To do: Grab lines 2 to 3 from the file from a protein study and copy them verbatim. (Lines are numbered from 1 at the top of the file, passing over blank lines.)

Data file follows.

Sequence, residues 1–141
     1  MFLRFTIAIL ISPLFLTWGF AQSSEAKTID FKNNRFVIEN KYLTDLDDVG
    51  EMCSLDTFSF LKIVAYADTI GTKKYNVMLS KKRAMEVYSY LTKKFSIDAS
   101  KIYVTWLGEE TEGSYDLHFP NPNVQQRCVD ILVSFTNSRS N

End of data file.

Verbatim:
     1  MFLRFTIAIL ISPLFLTWGF AQSSEAKTID FKNNRFVIEN KYLTDLDDVG
    51  EMCSLDTFSF LKIVAYADTI GTKKYNVMLS KKRAMEVYSY LTKKFSIDAS